Yahoo will launch its platform for Web developers next week, part of an effort to attract more visitors by adding Facebook-like social networking features to Yahoo's Web sites.
Yahoo hopes to drive more traffic to its sites by allowing people to share information about their interests and activities with friends. Like on Facebook, they'll be able to create a network of connections and send alerts to those people when they upload photos to Flickr or comment on a story at Yahoo News, for example.
The platform will extend to non-Yahoo sites such as Amazon and Digg so that users will be able to see from within Yahoo's Web sites what their friends have been doing elsewhere on the Web. And third-party sites will be able to publish user activity back into the Yahoo network, which could help those sites draw more visitors.
The search company is making the data it stores about users -- such as their contacts, interests and location -- available for developers to build their applications. End-users will be able to regulate which of their information friends and developers can see, said Yahoo officials, who previewed the platform in San Francisco on Friday.
It's an ambitious project that required Yahoo to "rewire" its properties to create a single underlying platform that connects them all. Those services existed in the past as "silos" that allowed for little interaction between them, said Ash Patel, executive vice president with Yahoo's Audience Product Division.
"The platform is how we start rewiring and reforming the user experience," he said.
Yahoo launched the first piece of the puzzle last week, a site called Yahoo Profiles where end-users can manage their activities, interests, and social connections in one place. Next week will mark the launch of the developer component. It's built on top of Yahoo's existing network infrastructure and consists broadly of three layers.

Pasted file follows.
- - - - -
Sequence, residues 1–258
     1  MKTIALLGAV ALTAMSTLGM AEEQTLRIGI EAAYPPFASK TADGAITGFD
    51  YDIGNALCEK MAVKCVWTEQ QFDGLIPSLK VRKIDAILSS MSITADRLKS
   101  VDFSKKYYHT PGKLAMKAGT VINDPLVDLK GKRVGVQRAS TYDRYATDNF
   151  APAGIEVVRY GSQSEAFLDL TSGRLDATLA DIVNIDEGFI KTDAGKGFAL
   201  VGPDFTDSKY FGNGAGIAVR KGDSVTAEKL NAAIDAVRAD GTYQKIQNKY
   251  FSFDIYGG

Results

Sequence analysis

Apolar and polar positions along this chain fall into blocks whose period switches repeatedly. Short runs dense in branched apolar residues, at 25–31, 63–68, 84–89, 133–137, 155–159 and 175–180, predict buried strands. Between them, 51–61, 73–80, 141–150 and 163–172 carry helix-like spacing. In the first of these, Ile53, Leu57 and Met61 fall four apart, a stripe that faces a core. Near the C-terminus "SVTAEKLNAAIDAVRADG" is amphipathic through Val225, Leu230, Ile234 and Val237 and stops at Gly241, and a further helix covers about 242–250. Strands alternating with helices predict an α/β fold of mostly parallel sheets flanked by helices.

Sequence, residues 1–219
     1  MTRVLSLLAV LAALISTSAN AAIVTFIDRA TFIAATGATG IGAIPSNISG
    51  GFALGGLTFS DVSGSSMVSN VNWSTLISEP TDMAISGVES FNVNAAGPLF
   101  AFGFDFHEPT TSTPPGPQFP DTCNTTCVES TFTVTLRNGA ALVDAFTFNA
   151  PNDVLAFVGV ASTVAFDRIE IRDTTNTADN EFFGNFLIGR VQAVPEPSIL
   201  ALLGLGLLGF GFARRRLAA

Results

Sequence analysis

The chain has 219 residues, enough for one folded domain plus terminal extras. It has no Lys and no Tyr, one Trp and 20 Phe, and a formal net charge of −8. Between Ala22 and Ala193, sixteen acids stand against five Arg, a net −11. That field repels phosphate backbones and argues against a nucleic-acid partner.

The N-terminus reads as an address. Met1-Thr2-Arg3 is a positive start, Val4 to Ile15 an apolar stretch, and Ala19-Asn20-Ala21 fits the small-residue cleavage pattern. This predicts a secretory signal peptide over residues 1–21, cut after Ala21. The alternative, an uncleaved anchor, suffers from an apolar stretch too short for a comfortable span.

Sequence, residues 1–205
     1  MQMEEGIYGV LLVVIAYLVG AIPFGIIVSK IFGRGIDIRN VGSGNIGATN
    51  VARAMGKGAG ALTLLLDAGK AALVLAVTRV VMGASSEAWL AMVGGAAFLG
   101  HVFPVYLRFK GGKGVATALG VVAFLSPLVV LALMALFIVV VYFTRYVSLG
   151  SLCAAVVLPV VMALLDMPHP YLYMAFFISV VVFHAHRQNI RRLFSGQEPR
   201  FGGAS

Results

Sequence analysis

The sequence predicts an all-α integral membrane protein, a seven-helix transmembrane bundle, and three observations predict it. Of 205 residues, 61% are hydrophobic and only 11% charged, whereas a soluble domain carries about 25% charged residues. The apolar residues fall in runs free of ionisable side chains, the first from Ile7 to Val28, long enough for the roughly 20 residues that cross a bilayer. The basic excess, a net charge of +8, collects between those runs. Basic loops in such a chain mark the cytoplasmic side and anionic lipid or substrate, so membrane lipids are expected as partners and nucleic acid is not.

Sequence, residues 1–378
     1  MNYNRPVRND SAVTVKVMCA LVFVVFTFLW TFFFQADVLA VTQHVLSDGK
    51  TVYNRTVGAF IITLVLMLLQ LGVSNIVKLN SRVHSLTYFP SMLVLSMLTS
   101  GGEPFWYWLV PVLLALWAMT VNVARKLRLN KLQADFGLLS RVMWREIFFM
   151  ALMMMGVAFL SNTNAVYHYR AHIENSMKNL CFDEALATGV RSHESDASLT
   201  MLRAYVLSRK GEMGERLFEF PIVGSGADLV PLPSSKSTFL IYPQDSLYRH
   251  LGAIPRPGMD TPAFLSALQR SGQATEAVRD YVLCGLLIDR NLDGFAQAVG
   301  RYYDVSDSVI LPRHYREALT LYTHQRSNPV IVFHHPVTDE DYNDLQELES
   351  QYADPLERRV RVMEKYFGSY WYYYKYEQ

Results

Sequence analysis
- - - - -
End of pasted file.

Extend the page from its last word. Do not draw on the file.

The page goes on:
The first is the Yahoo Social Platform, a repository where Yahoo stores the personal data about its users, along with their "social graph," or information about who their friends are. Above that is the Application Platform, which provides the development framework. And above that is the Yahoo Query Language, which developers will use to pull personal user data from Yahoo's servers and write their programs. YQL is very similar to the widely used SQL database language, according to Yahoo.
The platform also makes use of public APIs such as Open Social, for aggregating user data from other social networking sites, and OAuth, a protocol for consuming and publishing personal data. The tools and documentation will be available for free download next week from the Yahoo Developer Network, said Jay Rossiter, head of Yahoo's Open Strategy project. He wouldn't say exactly which day.